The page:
After months of butting heads, Puerto Rico and its federally appointed oversight board have agreed on the debt-ridden commonwealth’s much-needed economic reform plans, although pension reform still is in dispute.
As part of the economics deal, Gov. Ricardo Rossello and the legislature will revoke their statute that makes at-will firing tougher for private-sector employers. The government hopes that this will lead to an influx of on-island hiring, reports Reuters. In exchange for relaxing the termination laws, the board will no longer try to eliminate Christmas bonuses or reduce the number of sick days for public and private-sector workers.
The board’s fiscal plan, which it unveiled in April, would have ordered the removal of the bonuses and reduced sick days to 14 days, a program the governor adamantly criticized. The island’s currently grants 27 vacation and sick days per year for full-time employees.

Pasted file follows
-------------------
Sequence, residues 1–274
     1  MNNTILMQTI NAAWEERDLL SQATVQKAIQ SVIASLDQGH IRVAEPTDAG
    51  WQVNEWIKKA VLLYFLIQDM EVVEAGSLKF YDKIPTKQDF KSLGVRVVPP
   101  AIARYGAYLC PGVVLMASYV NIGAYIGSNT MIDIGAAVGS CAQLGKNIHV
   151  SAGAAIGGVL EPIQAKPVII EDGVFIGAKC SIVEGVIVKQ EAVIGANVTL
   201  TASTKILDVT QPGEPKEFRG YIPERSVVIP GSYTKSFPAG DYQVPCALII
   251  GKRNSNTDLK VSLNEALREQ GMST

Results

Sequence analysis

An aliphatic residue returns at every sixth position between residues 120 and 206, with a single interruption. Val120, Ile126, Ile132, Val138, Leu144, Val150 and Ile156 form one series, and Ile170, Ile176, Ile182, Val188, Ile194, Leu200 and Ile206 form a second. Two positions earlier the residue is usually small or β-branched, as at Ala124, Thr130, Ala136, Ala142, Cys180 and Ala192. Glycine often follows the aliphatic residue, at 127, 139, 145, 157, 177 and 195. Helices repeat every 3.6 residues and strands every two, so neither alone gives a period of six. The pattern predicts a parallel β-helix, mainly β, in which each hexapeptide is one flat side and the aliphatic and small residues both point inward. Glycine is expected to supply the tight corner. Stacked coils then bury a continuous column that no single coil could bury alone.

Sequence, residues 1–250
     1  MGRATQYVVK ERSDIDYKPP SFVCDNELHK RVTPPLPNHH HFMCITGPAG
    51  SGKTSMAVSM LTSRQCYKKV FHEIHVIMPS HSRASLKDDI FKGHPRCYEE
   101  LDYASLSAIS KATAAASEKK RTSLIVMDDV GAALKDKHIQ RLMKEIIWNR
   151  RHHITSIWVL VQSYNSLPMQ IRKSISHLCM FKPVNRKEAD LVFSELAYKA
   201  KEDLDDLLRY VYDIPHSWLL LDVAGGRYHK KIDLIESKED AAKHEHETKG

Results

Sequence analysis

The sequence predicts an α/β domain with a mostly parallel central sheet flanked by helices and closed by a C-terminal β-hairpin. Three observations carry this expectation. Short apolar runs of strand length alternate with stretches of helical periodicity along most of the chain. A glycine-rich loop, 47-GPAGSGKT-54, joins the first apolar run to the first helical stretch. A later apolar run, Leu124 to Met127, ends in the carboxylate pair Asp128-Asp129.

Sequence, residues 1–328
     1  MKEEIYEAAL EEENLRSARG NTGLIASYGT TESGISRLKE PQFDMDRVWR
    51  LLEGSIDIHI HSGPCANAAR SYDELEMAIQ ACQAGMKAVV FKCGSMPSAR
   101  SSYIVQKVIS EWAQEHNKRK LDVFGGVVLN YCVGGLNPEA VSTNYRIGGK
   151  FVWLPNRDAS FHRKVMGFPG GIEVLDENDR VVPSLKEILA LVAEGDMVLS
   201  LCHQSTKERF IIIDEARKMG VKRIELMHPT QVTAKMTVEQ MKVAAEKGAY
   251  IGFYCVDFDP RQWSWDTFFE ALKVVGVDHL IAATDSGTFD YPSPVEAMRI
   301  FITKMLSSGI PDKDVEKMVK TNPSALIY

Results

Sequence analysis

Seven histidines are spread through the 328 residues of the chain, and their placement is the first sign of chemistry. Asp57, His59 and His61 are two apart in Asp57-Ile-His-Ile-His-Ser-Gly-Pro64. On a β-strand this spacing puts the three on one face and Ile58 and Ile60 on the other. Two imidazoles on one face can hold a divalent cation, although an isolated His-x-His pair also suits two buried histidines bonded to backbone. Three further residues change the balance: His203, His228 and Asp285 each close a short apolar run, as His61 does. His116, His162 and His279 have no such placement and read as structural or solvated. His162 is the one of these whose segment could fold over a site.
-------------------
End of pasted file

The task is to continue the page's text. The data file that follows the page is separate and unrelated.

The board will also work to revise plans to reverse the bankrupt island’s economy, by closing a third of the commonwealth government’s budget over six years. Rossello had rejected the original blueprint, saying the board lacked the power to order such spending reductions.
However, there was no agreement on how to deal with another massive controversy: Puerto Rico’s pension reform.
The federally appointed board’s director, Natalie Jaresco, told BondBuyer.com that it is still looking to cut the spending for public-worker retirement benefits by 10% starting in fiscal 2020, a plan Rossello also opposes. The commonwealth faces a $70 billion shortfall, and can only cover 8% of its pension obligations.Although she did not say when, Jaresco expects the board to vote on the fiscal plan’s changes “soon.”